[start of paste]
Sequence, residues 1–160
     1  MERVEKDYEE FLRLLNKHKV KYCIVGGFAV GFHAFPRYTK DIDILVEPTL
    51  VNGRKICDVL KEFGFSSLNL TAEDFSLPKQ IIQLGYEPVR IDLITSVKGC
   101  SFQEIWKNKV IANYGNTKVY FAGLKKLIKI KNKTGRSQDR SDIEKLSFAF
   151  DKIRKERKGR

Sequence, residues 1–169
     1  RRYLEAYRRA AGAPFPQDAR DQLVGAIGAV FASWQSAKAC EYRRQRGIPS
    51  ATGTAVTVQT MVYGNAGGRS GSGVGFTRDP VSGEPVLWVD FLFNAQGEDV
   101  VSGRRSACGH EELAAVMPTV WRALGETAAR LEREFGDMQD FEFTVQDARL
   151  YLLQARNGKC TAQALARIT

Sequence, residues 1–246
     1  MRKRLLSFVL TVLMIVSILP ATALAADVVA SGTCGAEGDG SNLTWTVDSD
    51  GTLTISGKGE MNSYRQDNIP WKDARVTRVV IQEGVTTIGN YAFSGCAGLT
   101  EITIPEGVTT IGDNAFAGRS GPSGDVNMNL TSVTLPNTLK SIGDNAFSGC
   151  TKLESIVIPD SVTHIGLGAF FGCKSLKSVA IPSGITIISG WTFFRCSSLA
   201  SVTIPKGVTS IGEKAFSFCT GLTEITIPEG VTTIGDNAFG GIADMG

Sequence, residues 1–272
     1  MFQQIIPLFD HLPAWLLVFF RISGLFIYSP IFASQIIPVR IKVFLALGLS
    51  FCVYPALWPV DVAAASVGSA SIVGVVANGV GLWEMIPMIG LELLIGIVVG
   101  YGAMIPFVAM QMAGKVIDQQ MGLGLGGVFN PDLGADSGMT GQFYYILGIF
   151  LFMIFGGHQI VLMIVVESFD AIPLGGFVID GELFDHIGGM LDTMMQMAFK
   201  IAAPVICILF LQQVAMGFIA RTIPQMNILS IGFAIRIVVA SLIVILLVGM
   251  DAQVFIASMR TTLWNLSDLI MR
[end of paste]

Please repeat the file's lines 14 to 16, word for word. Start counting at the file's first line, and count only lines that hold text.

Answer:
   101  EITIPEGVTT IGDNAFAGRS GPSGDVNMNL TSVTLPNTLK SIGDNAFSGC
   151  TKLESIVIPD SVTHIGLGAF FGCKSLKSVA IPSGITIISG WTFFRCSSLA
   201  SVTIPKGVTS IGEKAFSFCT GLTEITIPEG VTTIGDNAFG GIADMG